Does God need a Temple?

The Reading from the Second Epistle of St. Paul to the Corinthians 6:16-7:1

Last Wednesday night after Vespers, we had our first “family night,” a chance for our people to gather and have a meal together as well as a short time for teaching and a discussion.  For the first few weeks we are going through topics in the area of comparative religion.  We started by talking about Judaism, which is natural since Judaism is so closely related to Christianity since Christianity sprung out from the belief in the Jewish Messiah, the Christ, who is Jesus of Nazareth.

In our conversation on Wednesday night we talked about the destruction of the Temple in 70 a.d. and the need among the Jews for a new temple to be built in Jerusalem.  This Temple is the cornerstone of Jewish religious practice.  Why?  Because it is in the Temple that the Jews encounter God.  Why?  Because it is in the Temple that God dwells.

The Apostle St. Paul speaks to us in today’s epistle regarding the temple of God.  His words are revolutionary and earth-shattering.  They are even more powerful when you understand that these are the words of one of the brightest Jewish men of his time.  In the epistle we’ve just heard, the Apostle Paul writes “Brethren, you are the temple of the living God.”  He has completely turned the faith of the Jews on it’s head by this one statement.

He tells the people that they do not need to go anywhere to encounter God.  Specifically, they do not need to go to the Temple of the Jews because God is not there anymore.  God is with His people, with those who accept Him and His Son and His people are the Church.  This wasn’t simply St. Paul’s opinion.  It was his enlightened reading of the Old Testament that led him to understand that the coming of Jesus Christ, the Son of God in the flesh, would have reality-altering effects on our world and our relationship with God.  God had become one of us in order to destroy temple worship as the Jews had known it.  The temple had in fact become a kind of idol that was loved and adored while the God who dwelt among the people was ridiculed, mocked and finally murdered.  Which is more worthy of respect, love and adoration?  The Temple built by the hands of men or the Temple built without hands, who existed before all creation?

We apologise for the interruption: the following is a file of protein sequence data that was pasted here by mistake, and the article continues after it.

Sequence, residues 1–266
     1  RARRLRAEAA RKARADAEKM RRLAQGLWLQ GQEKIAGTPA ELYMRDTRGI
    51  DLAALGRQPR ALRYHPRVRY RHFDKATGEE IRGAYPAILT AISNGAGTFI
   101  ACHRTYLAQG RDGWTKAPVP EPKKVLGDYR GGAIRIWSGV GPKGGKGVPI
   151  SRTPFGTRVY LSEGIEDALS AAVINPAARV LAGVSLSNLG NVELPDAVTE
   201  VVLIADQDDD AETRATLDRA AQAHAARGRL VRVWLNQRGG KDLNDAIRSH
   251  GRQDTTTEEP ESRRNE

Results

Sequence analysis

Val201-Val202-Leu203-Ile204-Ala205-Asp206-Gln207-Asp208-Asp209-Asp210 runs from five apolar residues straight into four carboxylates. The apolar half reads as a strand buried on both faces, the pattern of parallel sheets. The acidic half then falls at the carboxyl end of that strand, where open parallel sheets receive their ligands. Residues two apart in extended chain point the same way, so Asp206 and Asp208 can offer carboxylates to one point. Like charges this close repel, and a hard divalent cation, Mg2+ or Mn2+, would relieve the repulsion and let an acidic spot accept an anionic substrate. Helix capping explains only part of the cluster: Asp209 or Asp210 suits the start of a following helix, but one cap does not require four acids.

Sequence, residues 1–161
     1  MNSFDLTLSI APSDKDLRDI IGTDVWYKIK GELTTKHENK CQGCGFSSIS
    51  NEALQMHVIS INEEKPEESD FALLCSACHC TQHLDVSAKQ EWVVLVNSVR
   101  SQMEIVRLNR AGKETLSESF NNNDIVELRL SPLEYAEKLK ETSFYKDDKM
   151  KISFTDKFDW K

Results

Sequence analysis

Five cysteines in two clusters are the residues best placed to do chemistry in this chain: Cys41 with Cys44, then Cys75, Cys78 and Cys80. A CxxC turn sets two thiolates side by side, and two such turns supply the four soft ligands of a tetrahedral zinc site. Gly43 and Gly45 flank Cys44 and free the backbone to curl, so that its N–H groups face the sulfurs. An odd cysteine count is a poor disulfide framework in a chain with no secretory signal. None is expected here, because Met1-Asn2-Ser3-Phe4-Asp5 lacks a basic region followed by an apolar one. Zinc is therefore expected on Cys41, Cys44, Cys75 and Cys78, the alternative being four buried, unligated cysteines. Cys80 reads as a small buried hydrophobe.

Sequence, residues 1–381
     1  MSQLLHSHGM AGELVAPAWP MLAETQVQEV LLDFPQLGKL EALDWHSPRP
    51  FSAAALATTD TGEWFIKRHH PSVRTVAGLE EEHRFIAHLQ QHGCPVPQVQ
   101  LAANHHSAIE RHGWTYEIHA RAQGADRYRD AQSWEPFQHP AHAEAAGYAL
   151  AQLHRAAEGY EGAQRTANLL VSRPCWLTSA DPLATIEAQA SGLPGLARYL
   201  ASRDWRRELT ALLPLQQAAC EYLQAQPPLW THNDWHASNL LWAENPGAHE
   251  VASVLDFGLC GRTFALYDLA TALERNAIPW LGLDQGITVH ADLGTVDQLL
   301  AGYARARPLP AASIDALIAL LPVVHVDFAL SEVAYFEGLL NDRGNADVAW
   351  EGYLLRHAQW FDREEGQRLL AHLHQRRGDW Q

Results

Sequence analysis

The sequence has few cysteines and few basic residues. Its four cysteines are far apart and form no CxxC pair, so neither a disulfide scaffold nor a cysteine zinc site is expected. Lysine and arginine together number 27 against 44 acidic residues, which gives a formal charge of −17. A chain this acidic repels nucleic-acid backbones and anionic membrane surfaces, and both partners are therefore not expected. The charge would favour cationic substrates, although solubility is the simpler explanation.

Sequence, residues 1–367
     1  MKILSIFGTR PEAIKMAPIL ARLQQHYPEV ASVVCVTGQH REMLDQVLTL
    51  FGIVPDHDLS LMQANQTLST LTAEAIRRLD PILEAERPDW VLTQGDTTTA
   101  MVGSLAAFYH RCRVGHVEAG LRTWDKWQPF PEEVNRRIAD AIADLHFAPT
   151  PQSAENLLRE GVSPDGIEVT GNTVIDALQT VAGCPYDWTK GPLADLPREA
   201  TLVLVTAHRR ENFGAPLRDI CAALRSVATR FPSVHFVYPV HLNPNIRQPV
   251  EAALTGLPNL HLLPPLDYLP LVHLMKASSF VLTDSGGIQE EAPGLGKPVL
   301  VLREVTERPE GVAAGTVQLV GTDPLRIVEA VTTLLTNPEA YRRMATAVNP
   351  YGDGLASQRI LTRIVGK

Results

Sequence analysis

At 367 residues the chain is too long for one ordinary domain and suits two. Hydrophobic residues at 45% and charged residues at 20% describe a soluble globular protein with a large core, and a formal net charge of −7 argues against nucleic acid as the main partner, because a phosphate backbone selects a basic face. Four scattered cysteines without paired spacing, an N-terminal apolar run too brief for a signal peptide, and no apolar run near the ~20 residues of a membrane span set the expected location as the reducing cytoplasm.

Now we are given this amazing promise that God will in fact live in us and move among us, that He will be our God and we shall be His people, that He will be our father and we will be His sons and daughters.  The way that God dwells in us is two-fold:  His Holy Spirit dwells in us from the time of our baptism and Chrismation.  And He dwells in us through the partaking of the Holy Body and Blood of Christ in the Eucharist as we see in John 6:56  “He that eats my flesh, and drinks my blood, dwells in me, and I in him.”

This amazing promise is given to us with two assumptions:  The second assumption is that we will “touch nothing unclean.”  St. John Chrysostom tells us that “Unclean things refer to adultery and fornication in the flesh and to evil thoughts in the soul.”

The first assumption is that we will separate ourselves from those who are ungodly and live immoral lives.  Christians have done this to differing degrees over the last 2000 years.  Some have created monasteries away from the cities.  Others have created small communities that center around the church building.  Others have chosen to keep a healthy distance from the ungodly.  Perhaps avoiding dinners and drinks and social time with those who are not faithful Christians.

Some will no doubt object saying that the Lord Jesus associated with tax collectors and sinners.  That is true but this was not a risk for the Master, it is however a great risk for each of us.  If it were not so, then the great monastics like St. Anthony would have skipped the desert and gone straight for the taverns to save the people.  No matter what, we must separate ourselves from those who live ungodly and immoral lives.  This is true for adults in the workplace, for students in the college setting and also for our youth.  If you want your children to grow up in a way that is moral and virtuous you have to model that behavior and just as important, you have to know where your children are at all times and who they are keeping company with.  If you have to guess or simply resort to wishful thinking, you are in for some real surprises.  Most importantly we have to make the Church the center of activity in our lives.

Be separate, be set apart for God, be holy.  God doesn’t wait for us to travel to Him, to make a pilgrimage to a special place on the other side of the world.  He is ready to dwell in you this very day.  He is here in our midst, moving among us and within us now.  Let us make sure that we are welcoming the Lord to His holy temple.  Let us cleanse the temple and prepare it for the Lord of glory, who loves us enough to share His presence and His very nature with us!  Glory be to God Forever AMEN.


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